This past week tens of thousands of people took to the streets in several U.S. cities to protest against the controversial Israeli military offensive in Gaza. They have joined in the several hundred thousands of people from around the globe who have rallied in front of embassies and politicians' offices, marched in the streets and held candlelight vigils.
- More than 500 people gathered in downtown Charlotte, N.C., for a rally and march where protesters, with Palestinian and Muslim youth at the forefront, took over downtown Charlotte with a sea of Palestinian flags and energetic chants.
- More than 1,000 people gathered at the federal building in Dallas on Jan. 2 to express their outrage and to pray for peace, demanding that Israel stop its bombing of targets in Gaza.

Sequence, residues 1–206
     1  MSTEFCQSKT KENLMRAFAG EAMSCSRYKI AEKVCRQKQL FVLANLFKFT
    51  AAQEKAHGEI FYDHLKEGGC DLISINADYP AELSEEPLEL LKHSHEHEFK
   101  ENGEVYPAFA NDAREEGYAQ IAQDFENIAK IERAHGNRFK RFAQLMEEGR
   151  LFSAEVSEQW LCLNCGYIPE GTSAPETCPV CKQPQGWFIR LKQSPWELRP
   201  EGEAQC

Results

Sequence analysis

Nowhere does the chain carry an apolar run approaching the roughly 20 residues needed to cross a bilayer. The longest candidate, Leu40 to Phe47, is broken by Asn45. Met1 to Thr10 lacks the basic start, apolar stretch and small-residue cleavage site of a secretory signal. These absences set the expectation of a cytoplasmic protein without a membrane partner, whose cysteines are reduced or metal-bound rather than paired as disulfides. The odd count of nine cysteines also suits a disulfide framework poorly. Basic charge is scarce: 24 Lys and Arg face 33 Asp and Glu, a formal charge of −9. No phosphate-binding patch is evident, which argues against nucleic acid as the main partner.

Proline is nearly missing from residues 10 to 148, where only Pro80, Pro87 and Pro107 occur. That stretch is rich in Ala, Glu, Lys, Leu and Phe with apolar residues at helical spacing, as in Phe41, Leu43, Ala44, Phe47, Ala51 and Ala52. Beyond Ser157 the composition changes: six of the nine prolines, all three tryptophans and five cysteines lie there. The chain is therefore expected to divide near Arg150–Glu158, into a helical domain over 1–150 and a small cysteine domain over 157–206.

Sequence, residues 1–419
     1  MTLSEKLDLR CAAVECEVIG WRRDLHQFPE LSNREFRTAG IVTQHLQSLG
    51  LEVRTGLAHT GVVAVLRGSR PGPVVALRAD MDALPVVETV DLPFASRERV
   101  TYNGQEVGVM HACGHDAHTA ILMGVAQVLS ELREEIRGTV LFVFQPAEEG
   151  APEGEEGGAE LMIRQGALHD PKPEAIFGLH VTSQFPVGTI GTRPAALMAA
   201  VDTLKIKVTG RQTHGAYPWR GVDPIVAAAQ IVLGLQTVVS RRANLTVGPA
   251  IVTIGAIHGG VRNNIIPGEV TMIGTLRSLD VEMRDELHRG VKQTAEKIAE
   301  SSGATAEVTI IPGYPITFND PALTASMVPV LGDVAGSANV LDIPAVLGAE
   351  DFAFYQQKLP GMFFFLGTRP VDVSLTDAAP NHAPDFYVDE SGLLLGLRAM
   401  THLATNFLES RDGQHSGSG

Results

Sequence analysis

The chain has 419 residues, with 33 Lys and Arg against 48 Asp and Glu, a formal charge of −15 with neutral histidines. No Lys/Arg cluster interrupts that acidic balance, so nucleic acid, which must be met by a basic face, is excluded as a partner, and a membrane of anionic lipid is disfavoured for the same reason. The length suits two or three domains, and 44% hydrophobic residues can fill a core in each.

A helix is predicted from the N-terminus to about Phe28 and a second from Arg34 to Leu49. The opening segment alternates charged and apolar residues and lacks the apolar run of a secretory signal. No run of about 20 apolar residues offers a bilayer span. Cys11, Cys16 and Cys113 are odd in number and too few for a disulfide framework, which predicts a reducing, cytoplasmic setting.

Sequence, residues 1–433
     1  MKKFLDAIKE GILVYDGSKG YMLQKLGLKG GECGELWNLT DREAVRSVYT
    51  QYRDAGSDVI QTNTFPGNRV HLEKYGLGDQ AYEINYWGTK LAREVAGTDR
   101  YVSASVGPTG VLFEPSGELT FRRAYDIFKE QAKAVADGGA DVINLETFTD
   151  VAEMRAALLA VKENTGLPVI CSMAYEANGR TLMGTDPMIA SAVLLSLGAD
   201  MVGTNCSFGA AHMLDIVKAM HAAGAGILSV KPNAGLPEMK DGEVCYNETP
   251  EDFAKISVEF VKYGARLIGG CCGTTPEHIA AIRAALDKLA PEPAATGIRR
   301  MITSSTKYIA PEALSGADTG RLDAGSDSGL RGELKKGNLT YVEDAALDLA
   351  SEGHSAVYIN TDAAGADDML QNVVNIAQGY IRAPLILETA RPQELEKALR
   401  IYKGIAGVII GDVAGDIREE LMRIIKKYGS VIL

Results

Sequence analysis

- In Houston more than 1,000 came out to the Israeli Consulate on Jan. 2.
- In San Antonio hundreds gathered at the federal building and again in front of the Alamo on Jan. 3, when ground troops entered Gaza.
- A crowd of more than 2,000 demonstrators confronted a heavy police presence in downtown Orlando for the "Let Gaza Live: Florida Statewide March for Palestine" on Jan. 10. The demonstration is said to be the largest anti-war demonstration in Florida in more than a decade.
- On Jan. 2 more than 60 people turned out in Richmond, Va., to protest the ongoing Israeli attacks on the Palestinian people of Gaza. Activists in Norfolk and Blacksburg, Va., also organized demonstrations.
- In Atlanta on Jan. 3 more than 500 people massed in front of CNN, took to the streets in a spirited march and rallied at Woodruff Park with two black caskets draped with Palestinian flags and more than 100 signs with the names of people who have died in the assault.
- Even in smaller Southern cities, such as Fayetteville, Ark., people showed up despite the freezing weather on Jan. 10 to participate in a vigil for the loss of life and to protest Israel's aggression. On Jan. 5 more than 400 people converged at North Carolina State University in Raleigh, N.C.